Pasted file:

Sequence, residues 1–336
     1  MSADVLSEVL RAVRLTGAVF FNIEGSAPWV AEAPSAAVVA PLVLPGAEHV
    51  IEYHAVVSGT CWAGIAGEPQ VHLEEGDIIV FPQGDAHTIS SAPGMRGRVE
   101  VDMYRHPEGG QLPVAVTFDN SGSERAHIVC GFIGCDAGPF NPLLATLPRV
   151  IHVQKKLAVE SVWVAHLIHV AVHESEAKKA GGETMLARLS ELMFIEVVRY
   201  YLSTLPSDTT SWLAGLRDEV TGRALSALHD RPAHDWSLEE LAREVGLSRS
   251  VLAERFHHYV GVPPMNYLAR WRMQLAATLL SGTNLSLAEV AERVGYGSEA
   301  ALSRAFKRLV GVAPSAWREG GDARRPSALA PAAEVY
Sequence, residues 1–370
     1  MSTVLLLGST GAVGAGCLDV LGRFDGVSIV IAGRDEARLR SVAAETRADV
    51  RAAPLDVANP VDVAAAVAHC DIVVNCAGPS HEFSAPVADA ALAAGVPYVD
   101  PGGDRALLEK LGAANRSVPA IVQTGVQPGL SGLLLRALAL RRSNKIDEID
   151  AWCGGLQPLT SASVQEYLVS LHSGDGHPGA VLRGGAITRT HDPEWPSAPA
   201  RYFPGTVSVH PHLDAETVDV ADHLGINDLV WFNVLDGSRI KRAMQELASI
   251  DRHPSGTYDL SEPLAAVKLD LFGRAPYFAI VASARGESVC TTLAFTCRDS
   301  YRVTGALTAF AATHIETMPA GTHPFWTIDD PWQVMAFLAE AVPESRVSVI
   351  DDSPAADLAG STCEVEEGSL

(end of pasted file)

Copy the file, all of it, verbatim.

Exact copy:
Sequence, residues 1–336
     1  MSADVLSEVL RAVRLTGAVF FNIEGSAPWV AEAPSAAVVA PLVLPGAEHV
    51  IEYHAVVSGT CWAGIAGEPQ VHLEEGDIIV FPQGDAHTIS SAPGMRGRVE
   101  VDMYRHPEGG QLPVAVTFDN SGSERAHIVC GFIGCDAGPF NPLLATLPRV
   151  IHVQKKLAVE SVWVAHLIHV AVHESEAKKA GGETMLARLS ELMFIEVVRY
   201  YLSTLPSDTT SWLAGLRDEV TGRALSALHD RPAHDWSLEE LAREVGLSRS
   251  VLAERFHHYV GVPPMNYLAR WRMQLAATLL SGTNLSLAEV AERVGYGSEA
   301  ALSRAFKRLV GVAPSAWREG GDARRPSALA PAAEVY
Sequence, residues 1–370
     1  MSTVLLLGST GAVGAGCLDV LGRFDGVSIV IAGRDEARLR SVAAETRADV
    51  RAAPLDVANP VDVAAAVAHC DIVVNCAGPS HEFSAPVADA ALAAGVPYVD
   101  PGGDRALLEK LGAANRSVPA IVQTGVQPGL SGLLLRALAL RRSNKIDEID
   151  AWCGGLQPLT SASVQEYLVS LHSGDGHPGA VLRGGAITRT HDPEWPSAPA
   201  RYFPGTVSVH PHLDAETVDV ADHLGINDLV WFNVLDGSRI KRAMQELASI
   251  DRHPSGTYDL SEPLAAVKLD LFGRAPYFAI VASARGESVC TTLAFTCRDS
   301  YRVTGALTAF AATHIETMPA GTHPFWTIDD PWQVMAFLAE AVPESRVSVI
   351  DDSPAADLAG STCEVEEGSL